For small government contractors, joint ventures can be an important vehicle for successfully pursuing larger and more complex opportunities. As the SBA’s All Small Mentor-Protege Program enters its second full year, the popularity of joint ventures seems to be increasing significantly.
But joint ventures aren’t immune from the FAR’s rules governing organizational conflicts of interest. In a recent decision, the GAO held that an agency properly excluded a joint venture from competition where one of the joint venture’s members–through its involvement in a second joint venture–had assisted in the preparation of the solicitation’s specifications.
GAO typically affords agencies wide discretion to establish technical restrictions within solicitations.
In a recent decision, however, GAO confirmed that such discretion is not unbounded. When an agency’s technical restriction is unduly restrictive of competition, the GAO will sustain a bid protest.
While being fashionably late to a party may give the impression that one is a busy and popular person that was held up with other business, being fashionably late in federal contracting will typically have dire consequences.
However, a recent GAO bid protest decision demonstrates that when providing completed past performance questionnaires, or PPQs, being fashionably late may be acceptable – at least when the references were submitted directly by government officials, rather than the offeror.
The GAO has suspended a protester for “abusive litigation practices,” for the second time.
Last year, the GAO suspended Latvian Connection LLC from participating in the GAO bid protest process for one year, after the firm filed 150 protests in the course of a single fiscal year. Now, citing “derogatory and abusive allegations,” among many other concerns, the GAO has re-imposed its suspension–this time, for two years.
When an agency requests that offerors provide past performance references, the agency ordinarily is not precluded from considering outside past performance information.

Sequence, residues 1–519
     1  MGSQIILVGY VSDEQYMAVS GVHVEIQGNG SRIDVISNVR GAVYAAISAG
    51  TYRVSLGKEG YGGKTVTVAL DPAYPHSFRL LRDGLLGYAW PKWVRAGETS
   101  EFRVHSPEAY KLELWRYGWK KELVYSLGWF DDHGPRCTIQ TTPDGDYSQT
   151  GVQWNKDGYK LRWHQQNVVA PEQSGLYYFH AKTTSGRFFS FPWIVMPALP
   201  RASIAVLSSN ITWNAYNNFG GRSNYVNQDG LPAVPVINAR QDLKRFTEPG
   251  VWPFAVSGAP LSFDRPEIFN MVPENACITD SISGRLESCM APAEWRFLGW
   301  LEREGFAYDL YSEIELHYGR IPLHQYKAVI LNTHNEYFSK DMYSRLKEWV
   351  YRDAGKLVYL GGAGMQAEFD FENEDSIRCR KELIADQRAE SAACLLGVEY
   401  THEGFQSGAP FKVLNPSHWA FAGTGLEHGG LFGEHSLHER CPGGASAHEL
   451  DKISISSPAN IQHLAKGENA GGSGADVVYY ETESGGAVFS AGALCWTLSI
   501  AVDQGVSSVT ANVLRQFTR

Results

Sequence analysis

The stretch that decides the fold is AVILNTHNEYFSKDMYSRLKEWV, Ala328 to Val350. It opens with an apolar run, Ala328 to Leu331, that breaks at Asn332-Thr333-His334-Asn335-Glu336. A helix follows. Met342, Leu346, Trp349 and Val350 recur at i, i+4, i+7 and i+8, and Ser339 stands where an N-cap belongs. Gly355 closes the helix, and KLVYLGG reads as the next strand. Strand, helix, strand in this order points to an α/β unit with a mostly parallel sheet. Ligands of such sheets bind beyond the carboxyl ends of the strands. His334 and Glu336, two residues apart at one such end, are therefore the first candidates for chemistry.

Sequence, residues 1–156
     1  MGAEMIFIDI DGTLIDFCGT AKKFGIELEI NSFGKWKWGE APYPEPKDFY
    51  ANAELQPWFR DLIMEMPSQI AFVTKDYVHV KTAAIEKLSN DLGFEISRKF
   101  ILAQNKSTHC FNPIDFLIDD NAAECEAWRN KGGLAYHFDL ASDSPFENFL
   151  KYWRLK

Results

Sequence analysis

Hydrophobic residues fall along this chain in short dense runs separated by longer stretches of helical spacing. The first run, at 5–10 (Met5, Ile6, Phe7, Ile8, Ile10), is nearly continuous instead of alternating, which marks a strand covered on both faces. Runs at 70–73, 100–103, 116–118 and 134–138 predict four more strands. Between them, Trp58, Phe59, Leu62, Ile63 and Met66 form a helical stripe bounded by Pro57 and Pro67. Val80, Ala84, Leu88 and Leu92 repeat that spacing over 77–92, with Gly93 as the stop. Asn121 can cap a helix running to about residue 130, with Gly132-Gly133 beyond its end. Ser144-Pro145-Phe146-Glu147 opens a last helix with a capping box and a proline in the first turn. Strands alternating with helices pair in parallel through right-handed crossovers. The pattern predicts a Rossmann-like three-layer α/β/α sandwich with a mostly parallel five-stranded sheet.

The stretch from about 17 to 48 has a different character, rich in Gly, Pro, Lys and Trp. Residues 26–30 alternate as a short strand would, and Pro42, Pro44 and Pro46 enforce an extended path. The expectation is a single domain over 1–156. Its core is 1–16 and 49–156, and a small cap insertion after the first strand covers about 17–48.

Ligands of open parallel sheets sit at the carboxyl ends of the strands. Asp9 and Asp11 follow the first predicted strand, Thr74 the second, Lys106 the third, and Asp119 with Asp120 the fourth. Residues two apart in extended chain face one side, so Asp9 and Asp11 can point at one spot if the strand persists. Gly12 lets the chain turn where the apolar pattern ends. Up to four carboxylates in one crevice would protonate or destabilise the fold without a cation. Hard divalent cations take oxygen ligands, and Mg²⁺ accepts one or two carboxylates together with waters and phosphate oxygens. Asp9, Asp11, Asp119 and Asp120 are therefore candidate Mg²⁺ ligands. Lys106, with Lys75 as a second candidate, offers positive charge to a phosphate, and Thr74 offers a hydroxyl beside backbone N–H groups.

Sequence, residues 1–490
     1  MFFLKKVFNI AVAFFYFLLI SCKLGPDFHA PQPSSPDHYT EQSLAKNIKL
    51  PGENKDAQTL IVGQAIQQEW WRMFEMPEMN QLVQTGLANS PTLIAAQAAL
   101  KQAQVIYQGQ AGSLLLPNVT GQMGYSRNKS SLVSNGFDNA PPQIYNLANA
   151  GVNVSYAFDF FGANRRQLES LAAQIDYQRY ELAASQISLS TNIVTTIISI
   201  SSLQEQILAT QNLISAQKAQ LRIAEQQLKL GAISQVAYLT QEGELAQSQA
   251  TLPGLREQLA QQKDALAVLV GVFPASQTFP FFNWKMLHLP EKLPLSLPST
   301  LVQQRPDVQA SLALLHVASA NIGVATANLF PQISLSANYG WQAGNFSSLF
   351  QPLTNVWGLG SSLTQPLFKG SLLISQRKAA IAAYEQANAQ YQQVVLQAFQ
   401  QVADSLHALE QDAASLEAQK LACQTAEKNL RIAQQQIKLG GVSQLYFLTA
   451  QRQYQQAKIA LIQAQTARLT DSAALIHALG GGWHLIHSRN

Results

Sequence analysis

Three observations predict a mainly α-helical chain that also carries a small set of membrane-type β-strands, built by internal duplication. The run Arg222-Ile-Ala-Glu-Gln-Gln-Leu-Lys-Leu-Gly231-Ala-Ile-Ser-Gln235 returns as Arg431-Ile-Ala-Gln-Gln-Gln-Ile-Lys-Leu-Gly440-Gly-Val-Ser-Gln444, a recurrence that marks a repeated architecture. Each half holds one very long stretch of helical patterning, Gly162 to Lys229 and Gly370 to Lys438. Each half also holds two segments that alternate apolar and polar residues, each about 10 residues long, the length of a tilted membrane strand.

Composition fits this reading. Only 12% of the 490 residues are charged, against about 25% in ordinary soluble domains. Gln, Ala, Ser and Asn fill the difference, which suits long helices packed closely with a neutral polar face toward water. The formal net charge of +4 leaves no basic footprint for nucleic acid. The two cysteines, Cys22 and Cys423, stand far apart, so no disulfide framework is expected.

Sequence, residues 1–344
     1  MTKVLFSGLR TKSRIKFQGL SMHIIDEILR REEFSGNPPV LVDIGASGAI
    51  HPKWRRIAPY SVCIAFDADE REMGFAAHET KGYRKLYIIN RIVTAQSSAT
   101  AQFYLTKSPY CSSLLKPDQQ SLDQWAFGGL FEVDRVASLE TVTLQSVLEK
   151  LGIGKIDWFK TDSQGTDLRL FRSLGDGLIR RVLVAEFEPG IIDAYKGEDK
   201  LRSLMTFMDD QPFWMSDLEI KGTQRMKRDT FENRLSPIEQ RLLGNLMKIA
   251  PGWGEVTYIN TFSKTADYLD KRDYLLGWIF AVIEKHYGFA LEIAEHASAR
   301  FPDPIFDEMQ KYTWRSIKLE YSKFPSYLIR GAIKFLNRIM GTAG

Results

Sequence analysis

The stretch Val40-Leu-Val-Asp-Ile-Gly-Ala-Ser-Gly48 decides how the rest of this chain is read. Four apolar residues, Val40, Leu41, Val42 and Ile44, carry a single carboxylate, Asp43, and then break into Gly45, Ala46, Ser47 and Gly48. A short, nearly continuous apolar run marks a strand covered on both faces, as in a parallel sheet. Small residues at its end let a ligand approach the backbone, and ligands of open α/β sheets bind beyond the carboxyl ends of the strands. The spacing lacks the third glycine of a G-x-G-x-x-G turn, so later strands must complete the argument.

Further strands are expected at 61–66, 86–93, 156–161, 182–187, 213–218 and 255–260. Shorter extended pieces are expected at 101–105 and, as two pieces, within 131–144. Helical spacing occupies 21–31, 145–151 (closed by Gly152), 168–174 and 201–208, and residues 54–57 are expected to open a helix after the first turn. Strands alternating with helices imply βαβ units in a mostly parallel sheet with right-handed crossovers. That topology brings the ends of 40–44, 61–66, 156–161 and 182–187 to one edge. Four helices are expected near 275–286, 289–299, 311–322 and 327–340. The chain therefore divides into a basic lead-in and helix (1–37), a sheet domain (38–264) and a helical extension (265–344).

In a recent bid protest decision, the GAO confirmed that an agency’s past performance evaluation may include information outside the past performance references submitted by the offeror–and the agency can use any negative past performance information to downgrade the offeror’s score.
GAO bid protests succeeded almost half the time in Fiscal Year 2017.
According to the GAO’s latest Bid Protest Annual Report, the effectiveness rate of GAO bid protests was 47% in the recently-completed fiscal year. The statistics are striking, because they come just as Congress is finalizing the 2018 National Defense Authorization Act, which includes measures aimed at reducing bid protests. But with bid protests succeeding at a nearly 50% clip, why does the protest “reform” debate seem to center almost entirely on discouraging contractors to protest, rather than on decreasing the number of flawed source selection evaluations?
As a branch of the Treasury Department, the United States Mint would usually be subject to federal procurement laws, like bid protests. As one contractor recently discovered, however, certain activities at the Mint have been exempted from many federal procurement laws, including GAO protest review.
Simply put, the GAO can’t decide a bid protest of Mint procurements.